Top down, Springsteen on and nothing but the open road. Here at IDEAL we’re road trip junkies. Nothing gets our juices flowing more than the thought of fun-filled adventures on a summer road trip and with winter now in the rear view mirror, we’re planning our next one. However, the summer road trip demands more preparation than just throwing your things in a car and hitting the road. When the mercury ramps up, driving during the warm summer months presents its own unique set of challenges. With this in mind, here are 5 IDEAL pieces of travel advice for your next summer road trip.


Nothing will put a damper on your road trip like breaking down. So first things first, get your car in shape for the rigors of travel.  If your car hasn’t been serviced in a while, then get one done well in advance. You can book in a service or MOT online at sites like

If all is up to date, it’s still worth going to your local garage and getting an experienced mechanic to inspect all the belts and hoses. Tyre and fluid levels need to checked, as do the windscreen wiper blades since they may have become worn over the winter. On hot days, some car batteries fail, especially if they are older, so it may be wise to replace it before setting off on your adventure.


It’s essential to monitor your vehicle’s tyre pressure and fluid levels not only before, but also during your trip too. Low inflation can reduce fuel economy, costing you more in petrol (money better spent on ice cream and ice cold beer) and contribute to blow out related accidents. The heat can affect your tyre pressure, so every time you stop for petrol, check your tyres too.

In warm weather, most engine oil tends to thin out, which may prevent it from properly lubricating the engine during your trip. To avoid any problems the oil should be checked and if necessary changed before setting off on a long hot journey. And don’t forget to replace the coolant, which without (on hot sunny days particularly) can cause the car to overheat. Other items that should be checked include brake fluid levels and windscreen washer fluid.


A well-stocked emergency travel kit should be kept in the boot at all times. The kit should include a flashlight, jumper cables, basic tools, flares and a blanket, along with non-perishable food like dried fruit and emergency water. Even though you’ll probably have your journey mapped out on your GPS system and your emergency numbers on your iphone, it’s always a good idea to carry an old fashioned paper map and any other information you may need, like your roadside assistance numbers, written down on paper in your glove compartment. Technology sometimes fails, batteries run out and screens break. Have a back up.   


While an emergency travel kit is a must, don’t bring too many unnecessary items. There’s limited space in that car and overloading the vehicle can cause issues with tyre pressure, fuel economy and safety.  Also, travelling in a cram-packed car with no leg room is horrible and if items are piled too high, they can block the driver’s vision. So keep your luggage to a minimum and only pack the things your really need. Remember, you can always stop at a launderette and wash your clothes along the way. If the journey is long without many stops, it’s sensible to bring a cooler with light snacks and refreshments which you can replenish with additional items along the way. Also, load your car sensibly by keeping the items you need the most handy. This way, you won’t have to rummage around and need to unpack and repack constantly en route.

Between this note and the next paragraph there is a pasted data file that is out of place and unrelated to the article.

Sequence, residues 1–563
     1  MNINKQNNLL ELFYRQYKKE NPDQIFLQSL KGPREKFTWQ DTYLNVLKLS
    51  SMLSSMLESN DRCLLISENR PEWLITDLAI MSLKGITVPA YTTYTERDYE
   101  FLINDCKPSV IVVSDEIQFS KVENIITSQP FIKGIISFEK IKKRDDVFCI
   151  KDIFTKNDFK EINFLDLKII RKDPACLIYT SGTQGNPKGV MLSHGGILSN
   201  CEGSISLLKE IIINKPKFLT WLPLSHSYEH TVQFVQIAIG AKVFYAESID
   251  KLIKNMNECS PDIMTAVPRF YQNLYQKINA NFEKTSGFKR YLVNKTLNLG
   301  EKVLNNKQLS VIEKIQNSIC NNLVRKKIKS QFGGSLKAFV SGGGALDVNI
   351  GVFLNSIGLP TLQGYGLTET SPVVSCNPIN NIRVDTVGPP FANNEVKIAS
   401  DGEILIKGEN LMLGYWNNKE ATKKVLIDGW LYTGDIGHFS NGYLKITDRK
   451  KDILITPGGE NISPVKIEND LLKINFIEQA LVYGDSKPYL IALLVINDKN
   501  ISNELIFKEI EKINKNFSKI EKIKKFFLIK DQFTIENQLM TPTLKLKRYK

As much as any summer road trip needs the sun, sometimes the scorching temperatures can make your road trip unbearable. Opening your car door in the summer can be like opening an oven, so keep your car cool and comfortable by always trying to park in the shade and putting up a sunshade or window visor every time you exit the car.  Driving in the heat can get pretty unpleasant so make sure your air conditioning works or crack a window open. The low sun in the summer can also cause bad visibility, so make sure you have a pair of sunglasses handy.  

Not only can the sun cause you to feel sticky and hot,  make you irritable and send tempers through the roof, it can also make you tired. Driving while fatigued is a major cause of accidents on motorways. To avoid temper tantrums and tiredness, drivers should exert caution and be prepared to stop and take short naps.


If you’re going to be a towing a boat, caravan or trailer this summer then there are a whole set of summer road trip towing tips you need to know. Some involve simply exercising common sense, such as driving more slowly than you would under normal circumstances. Sudden lane changes, sharp braking and rapid deceleration that may put pressure on the engine, should also be avoided. Others are more complicated like knowing the towing regulations and making sure your towing equipment meets certain safety regulations. There are some pretty handy summer towing tip articles online.